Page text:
Classical conditioning and operant conditioning are two different ways people learn things and develop certain behaviors. People can develop phobias and addictions through classical and operant conditioning. “In classical conditioning, an environmental stimulus leads to a learned response, through pairing of an unconditioned stimulus with a previously neutral conditioned stimulus. The result is a conditioned response, or learned reflex” (Kowalski & Westen, 2011, “Learning”, p. 167). A behavior produces an environmental response in operant conditioning.
An example the text gives us if that of a cat learning how to open a latch in order to gain access to food. The cat saw the food on the outside of the box and eventually opened the latch which allowed the cat out of the box and gave her access to the food. After repeating the experiment numerous times the cat learned how to open the latch almost immediately in order to get to the food. The consequences of our behaviors will produce future behaviors. Reinforcement and Punishment are two types of consequences that will be further discussed along with extinction and how it is linked to operant and classical conditioning.
Classical and operant conditioning are similar, yet differ as well. Phobias can be developed through classical conditioning by us experiencing something that makes us to react to a certain way every time we are put in that situation. For example, if someone were to get extremely sick after eating fish before they may not want to eat fish ever again. They may develop a fear of eating fish because they are afraid that it will make them sick. It may be to the extent of just smelling the fish that can stimulate a reaction such as being nauseous just from the smell of fish.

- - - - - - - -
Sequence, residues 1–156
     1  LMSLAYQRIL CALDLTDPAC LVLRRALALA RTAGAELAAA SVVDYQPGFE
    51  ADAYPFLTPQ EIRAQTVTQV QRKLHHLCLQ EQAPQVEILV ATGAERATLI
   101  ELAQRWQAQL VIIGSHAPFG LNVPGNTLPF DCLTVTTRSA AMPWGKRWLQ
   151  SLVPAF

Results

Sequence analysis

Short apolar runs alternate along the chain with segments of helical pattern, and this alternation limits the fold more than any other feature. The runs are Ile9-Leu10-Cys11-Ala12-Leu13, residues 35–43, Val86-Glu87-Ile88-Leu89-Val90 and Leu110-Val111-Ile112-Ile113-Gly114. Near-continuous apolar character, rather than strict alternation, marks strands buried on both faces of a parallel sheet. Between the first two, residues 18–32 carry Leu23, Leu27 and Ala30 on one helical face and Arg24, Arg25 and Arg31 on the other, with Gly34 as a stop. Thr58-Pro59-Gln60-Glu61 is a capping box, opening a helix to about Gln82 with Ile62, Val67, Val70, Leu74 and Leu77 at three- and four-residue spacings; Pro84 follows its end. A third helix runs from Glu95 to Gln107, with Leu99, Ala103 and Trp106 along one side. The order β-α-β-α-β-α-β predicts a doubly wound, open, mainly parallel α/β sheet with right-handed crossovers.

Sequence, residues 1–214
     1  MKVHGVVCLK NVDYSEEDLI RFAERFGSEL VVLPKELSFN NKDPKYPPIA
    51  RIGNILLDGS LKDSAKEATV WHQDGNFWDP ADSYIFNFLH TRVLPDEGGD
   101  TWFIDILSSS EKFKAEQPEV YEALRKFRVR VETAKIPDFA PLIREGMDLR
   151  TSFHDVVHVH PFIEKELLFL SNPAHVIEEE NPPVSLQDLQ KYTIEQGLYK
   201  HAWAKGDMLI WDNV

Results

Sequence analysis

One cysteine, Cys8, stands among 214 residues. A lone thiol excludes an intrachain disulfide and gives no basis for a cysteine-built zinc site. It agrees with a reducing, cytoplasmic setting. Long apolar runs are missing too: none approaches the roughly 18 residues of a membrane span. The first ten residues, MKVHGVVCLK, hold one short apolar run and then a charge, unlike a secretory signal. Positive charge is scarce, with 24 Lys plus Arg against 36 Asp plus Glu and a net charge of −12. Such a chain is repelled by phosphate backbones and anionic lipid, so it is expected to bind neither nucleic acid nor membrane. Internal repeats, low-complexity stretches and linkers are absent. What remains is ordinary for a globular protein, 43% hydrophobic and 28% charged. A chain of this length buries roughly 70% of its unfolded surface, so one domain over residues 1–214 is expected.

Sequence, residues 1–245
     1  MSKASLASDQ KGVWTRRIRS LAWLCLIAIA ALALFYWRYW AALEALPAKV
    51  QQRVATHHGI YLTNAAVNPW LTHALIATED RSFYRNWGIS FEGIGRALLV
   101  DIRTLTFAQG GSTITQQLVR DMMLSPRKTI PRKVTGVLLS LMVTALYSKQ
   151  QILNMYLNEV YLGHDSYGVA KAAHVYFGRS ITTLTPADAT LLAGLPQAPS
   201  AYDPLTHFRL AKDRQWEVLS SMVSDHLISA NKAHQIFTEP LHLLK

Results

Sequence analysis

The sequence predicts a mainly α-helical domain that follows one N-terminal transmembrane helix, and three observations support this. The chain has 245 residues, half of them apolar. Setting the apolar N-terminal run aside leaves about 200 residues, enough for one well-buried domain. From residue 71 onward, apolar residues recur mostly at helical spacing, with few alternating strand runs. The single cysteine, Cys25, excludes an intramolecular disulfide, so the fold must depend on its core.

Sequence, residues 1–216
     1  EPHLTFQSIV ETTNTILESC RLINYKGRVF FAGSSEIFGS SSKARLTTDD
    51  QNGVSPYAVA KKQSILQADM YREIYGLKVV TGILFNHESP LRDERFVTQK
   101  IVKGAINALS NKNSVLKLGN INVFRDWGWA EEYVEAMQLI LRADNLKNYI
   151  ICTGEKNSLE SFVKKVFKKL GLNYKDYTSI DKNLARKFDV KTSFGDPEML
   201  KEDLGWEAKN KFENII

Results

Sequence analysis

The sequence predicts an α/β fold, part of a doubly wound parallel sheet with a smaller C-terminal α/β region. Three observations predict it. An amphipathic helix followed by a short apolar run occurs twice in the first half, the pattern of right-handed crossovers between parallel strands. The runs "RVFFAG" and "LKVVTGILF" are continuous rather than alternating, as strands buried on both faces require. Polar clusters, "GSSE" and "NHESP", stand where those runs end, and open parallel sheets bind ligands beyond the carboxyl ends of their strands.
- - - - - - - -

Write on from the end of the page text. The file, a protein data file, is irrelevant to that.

An example from the text discusses how Watson and Rayner experimented with classical conditioning with a nine month old boy. They showed the boy a few objects and he showed no fear for any of the objects. One object was a white rat which the boy, Albert, actually enjoyed to play with. They then tested to see the boy’s reaction to a loud noise and the boy reacted by jumping, falling forward, and then whimpering.
This experiment shows how someone can develop a phobia through classical conditioning. B. F. Skinner came up with what he called superstitious behavior stating that people can mistakenly associate an operant with an environmental event. This is how someone may develop a phobia with operant conditioning. Addictions can be learned through modeling, which is a type of classical conditioning. If a child sees their parent smoking as they grow up they make develop the addition of smoking through their parent modeling the addiction. These are ways that phobias and addictions can be developed through classical and operant conditioning. There are differences between classical and operant conditioning.